Buddhist interactions between ancient India and ancient China were complex and multifaceted. The uniqueness of these interactions and their importance to Asian and world history have been highlighted in textbooks as well as in recent scholarly and popular books. Despite the extensive coverage, many fundamental issues and commonly accepted notions need to be reexamined and rectified. This talk will focus on some of these issues by trying to answer the following four questions: What was the role of Indians in the early transmission of Buddhism to China? When and why did Buddhist interactions between India and China decline? Did Buddhism conquer China or was it transformed by the Chinese? Why did Hinduism, unlike Buddhism, fail to penetrate the Chinese society?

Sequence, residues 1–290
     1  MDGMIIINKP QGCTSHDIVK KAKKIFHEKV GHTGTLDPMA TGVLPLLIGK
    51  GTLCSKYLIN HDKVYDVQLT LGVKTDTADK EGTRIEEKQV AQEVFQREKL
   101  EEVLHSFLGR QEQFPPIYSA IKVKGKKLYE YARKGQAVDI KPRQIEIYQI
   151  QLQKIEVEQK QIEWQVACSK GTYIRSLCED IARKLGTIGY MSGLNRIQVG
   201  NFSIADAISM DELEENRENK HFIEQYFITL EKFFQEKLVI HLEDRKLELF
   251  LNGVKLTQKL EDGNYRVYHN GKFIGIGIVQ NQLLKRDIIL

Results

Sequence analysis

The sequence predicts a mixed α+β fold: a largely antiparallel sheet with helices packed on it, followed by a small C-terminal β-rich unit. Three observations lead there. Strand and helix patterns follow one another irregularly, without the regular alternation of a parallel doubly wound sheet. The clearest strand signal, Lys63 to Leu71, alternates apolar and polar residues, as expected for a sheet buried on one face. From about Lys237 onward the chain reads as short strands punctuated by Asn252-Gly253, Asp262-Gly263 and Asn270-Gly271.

The lecture is free of charge but registration is required. Please R.S.V.P to firstname.lastname@example.org. This lecture is jointly organised by the Research and Publications Unit of the Asian Civilisations Museum and Nalanda-Sriwijaya Centre, ISEAS (Institute of Southeast Asian Studies).
Tansen Sen is Associate Professor of Asian history and religions at the City University of New York, USA. He received his M.A. from Peking University and his Ph.D. from the University of Pennsylvania. He has special scholarly interests in Buddhism, India-China interactions, Indian Ocean trade, and Silk Road archeology. Prof. Sen is the author of Buddhism, Diplomacy, and Trade: The Realignment of Sino-Indian Relations, 600-1400 ( University of Hawai’i Press , 2003) and several articles on intra-Asian interactions. He is working on a monograph that examines cross-cultural trade in Asia during the fourteenth and fifteenth centuries. He is currently a visiting senior research fellow at the Institute of Southeast Asian Studies, Singapore, where he is heading the recently established Nalanda-Sriwijaya Centre.
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